To screen for or monitor treatment for a liver or bone disorder
As part of liver function tests or when a person has symptoms of a liver or bone disorder
A blood sample drawn from a vein in the arm
Alkaline phosphatase is an enzyme found in high levels in bone and liver. Smaller amounts of ALP are found in pregnant women (in whom ALP is produced by the placenta), and in the intestines. Each of these body parts makes different forms of ALP.
A blood sample is taken by needle from a vein in the arm.
When a person has evidence of liver disease, very high ALP levels can tell the doctor that the person’s bile ducts are somehow partially or totally blocked or inflamed. ALP may also be high if a disease in the bones causes extra ALP to be released from the bones into the bloodstream. ALP is often high in people who have cancer that has spread to the liver and/or the bones. As bone or liver disease improves, ALP levels will decrease.
ALP is generally part of a routine laboratory test profile called liver function tests. It is usually requested with several other tests if a patient has symptoms of a liver or bone disorder.
Raised levels of ALP are usually due to a disorder of either the bone or liver. If other liver function tests such as bilirubin, gamma-glutamyl transferase (GGT), alanine aminotransferase (ALT) or aspartate aminotransferase (AST) are also raised, this usually indicates that the ALP is coming from the liver. However if other liver function tests are normal, this suggests that the ALP might be coming from bone. In some forms of liver disease, such as hepatitis, ALP is usually much less elevated than AST or ALT. However, when the bile ducts are blocked (for example by gallstones, scars from previous gallstones or surgery, or by a tumour), ALP and bilirubin may be increased much more than either AST or ALT. ALP can also be raised in bone diseases such as Paget’s disease (where bones become enlarged and deformed), or in certain cancers that spread to bone.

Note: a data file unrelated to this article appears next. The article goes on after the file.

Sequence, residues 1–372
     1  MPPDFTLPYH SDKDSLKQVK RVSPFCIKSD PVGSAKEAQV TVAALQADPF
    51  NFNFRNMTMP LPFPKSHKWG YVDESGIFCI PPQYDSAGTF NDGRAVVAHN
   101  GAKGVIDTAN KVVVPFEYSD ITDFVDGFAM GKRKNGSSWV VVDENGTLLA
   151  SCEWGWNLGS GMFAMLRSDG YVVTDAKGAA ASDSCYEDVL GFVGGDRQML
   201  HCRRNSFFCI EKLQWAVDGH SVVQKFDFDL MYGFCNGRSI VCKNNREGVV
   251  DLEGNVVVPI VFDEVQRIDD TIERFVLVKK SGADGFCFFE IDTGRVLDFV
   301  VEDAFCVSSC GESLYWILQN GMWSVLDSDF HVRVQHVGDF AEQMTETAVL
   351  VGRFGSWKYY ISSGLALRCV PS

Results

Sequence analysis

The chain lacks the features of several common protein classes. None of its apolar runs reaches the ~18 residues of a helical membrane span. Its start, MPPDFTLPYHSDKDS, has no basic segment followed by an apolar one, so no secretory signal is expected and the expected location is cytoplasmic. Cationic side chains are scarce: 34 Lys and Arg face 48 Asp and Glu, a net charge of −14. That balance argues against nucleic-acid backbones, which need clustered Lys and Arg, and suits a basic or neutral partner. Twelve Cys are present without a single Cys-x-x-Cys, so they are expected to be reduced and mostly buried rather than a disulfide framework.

Pregnancy can increase ALP levels. Children have higher ALP levels because their bones are growing and ALP is often very high during the 'growth spurt' which occurs at different ages in males and females. Occasionally young children may have a very high ALP level for a short time and this is not a sign of disease.
Eating a meal can increase the ALP level slightly for a few hours in some people. Ideally the test should be done after fasting overnight. Some drugs may increase ALP levels, especially some of the drugs used to treat psychiatric problems or epilepsy, but significant increases are rare.
In many cases, liver disease has few symptoms. When the liver is damaged rapidly (a disease called acute hepatitis), the skin and the whites of the eyes often turn yellow. In its late stages, liver disease may cause confusion, easy bruising, swelling in your abdomen and the vomiting of blood.
The doctor may order a special test, such as a test known as `ALP isoenzymes’, to help work out if a high ALP level is caused by liver disease or bone disease. However, usually there would be other signs of either liver or bone disease, such as other abnormal liver enzyme tests.
AST, ALT, GGT, bilirubin, liver function tests, bone markers
Conditions: Liver disease
RCPA Manual: Alkaline phosphatase
Last Review Date: March 9, 2013